JOSH PREACHING: You’re going through life and things are difficult and he says man will you call my name.

While Cililo didn’t live to see his grandson become part of a new generation of Aleman preachers, his beloved wife of 50 years did.  

Aurora Aleman, is 90 years old now and lives with Samuel and Ruth. Speaking softly and rubbing her aged hands with lotion, Josh cherishes bittersweet moments like this with his abuela.

JOSH ALEMAN: Which means grandma. She’ll go sweetie, I feel like you’re really important to me but I don’t remember you. And I’m like it’s ok, I’m your grandson, Josh. Oh ok, and she’ll continue.

Aurora has Alzheimer’s Disease but her memories aren’t the only treasures fading. Her descendants will likely never hear or understand her stories. Aurora doesn’t speak or understand English. Many of her great-grandchildren don’t know Spanish.

SAMUEL: To see my grandchildren growing up, not a Spanish at all. I feel a little uncomfortable with that…

AUDIO: [Samuel prays around table in Spanish]

Around the dinner table, the Alemans enjoy rice with chicken and yuca with Mojo sauce, traditional Cuban dishes. While the prospect of losing parts of their culture is difficult to accept, Samuel says they cling to the promise of what they’ve gained as a family of faith.

SAMUEL: But let me tell you, for me the more important thing is that they be a Christian, that they have Jesus Christ. We are very close as family because of Jesus.

Reporting for WORLD, I’m Myrna Brown in Loganville, Georgia.

REICHARD: If you’d like to see the Aleman family, Myrna produced a companion video piece for WORLD Watch. We’ll put a link to that story in today’s transcript at

MARY REICHARD, HOST: Today is Wednesday, December 2nd. Good morning! This is The World and Everything in It from listener-supported WORLD Radio. I’m Mary Reichard.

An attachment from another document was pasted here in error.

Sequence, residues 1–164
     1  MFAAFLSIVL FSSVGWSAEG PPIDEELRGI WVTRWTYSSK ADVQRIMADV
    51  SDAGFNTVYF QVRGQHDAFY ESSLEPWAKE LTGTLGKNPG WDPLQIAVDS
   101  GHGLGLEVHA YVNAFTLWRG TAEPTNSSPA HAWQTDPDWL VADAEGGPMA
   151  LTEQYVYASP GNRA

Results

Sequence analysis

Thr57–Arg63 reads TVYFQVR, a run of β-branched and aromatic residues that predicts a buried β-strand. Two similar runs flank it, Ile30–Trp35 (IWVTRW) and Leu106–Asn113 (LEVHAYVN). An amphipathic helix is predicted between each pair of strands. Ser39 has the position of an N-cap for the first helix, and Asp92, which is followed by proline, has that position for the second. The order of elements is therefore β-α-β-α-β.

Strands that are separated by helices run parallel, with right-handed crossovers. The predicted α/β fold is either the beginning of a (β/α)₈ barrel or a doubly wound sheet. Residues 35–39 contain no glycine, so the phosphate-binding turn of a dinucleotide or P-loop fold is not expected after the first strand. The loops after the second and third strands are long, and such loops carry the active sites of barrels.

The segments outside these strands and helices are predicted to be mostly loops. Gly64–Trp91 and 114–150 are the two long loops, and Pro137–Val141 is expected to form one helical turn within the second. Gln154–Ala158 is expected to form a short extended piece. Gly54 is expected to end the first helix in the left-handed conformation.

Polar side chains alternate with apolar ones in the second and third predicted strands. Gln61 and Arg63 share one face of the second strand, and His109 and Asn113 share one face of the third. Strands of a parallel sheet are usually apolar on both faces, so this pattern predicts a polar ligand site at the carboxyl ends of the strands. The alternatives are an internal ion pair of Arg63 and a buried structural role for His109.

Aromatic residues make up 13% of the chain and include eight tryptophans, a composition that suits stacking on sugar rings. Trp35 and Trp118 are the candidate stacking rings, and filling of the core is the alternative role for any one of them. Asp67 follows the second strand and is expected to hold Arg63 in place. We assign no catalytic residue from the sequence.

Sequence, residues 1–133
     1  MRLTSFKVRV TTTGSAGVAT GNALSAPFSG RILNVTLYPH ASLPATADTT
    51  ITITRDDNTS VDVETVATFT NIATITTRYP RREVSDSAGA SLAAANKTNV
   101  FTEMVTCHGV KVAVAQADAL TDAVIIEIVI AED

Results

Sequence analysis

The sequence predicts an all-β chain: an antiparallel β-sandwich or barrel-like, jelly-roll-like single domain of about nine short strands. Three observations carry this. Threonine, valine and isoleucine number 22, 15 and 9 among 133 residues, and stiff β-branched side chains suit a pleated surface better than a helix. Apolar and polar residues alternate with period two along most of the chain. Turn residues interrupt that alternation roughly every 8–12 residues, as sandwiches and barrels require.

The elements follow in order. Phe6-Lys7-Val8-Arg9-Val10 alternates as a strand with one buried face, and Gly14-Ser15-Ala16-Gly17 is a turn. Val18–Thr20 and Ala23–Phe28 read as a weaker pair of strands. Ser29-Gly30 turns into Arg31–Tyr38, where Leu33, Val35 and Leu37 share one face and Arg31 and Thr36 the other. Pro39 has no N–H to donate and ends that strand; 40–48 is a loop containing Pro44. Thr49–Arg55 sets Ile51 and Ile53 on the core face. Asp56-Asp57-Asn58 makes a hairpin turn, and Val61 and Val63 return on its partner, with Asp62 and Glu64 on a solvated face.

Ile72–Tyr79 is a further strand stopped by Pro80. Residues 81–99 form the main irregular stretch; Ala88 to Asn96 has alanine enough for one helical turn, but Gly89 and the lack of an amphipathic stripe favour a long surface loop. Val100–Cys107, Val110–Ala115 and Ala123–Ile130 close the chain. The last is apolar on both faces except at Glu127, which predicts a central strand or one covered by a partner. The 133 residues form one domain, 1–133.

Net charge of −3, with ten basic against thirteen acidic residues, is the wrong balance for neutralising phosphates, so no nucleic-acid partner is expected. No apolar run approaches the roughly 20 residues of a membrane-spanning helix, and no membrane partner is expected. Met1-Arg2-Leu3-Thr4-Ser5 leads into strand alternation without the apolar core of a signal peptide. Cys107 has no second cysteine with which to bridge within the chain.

NICK EICHER, HOST: And I’m Nick Eicher. World commentator Janie B. Cheaney now on rules for living.

JANIE B. CHEANEY: You’ve seen the sign in your neighbor’s yard: “In this house, we believe: Black lives matter/ Women’s rights are human rights/ No human is illegal/ Science is real/ Love is love/ Kindness is everything”

Smug, I think, when driving by. Why, I think, would anyone post such an anodyne creed except as a slap to conservatives? Isn’t each point a signpost for leftwing values like militant antiracism, feminism, open borders, scientism, LGBT rights, and virtue signaling?

But wait, I remind myself: there’s such a thing as Christian/conservative sloganeering. Slogans do not an argument make, much less a friend.

“We believe” is a proclamation peculiar to human beings. It’s a moral standard for a moral species, and this particular standard sums up contemporary western values rather well. Each bullet point seems irrefutable and bedrock.

But 2000 years ago other values seemed irrefutable and bedrock. Imagine a Roman patrician’s placard from A.D. 100: “In this villa, we believe: Might makes Right/ the Patriarch rules/ Class is destiny/ Death is real/ Civil Order is Everything.”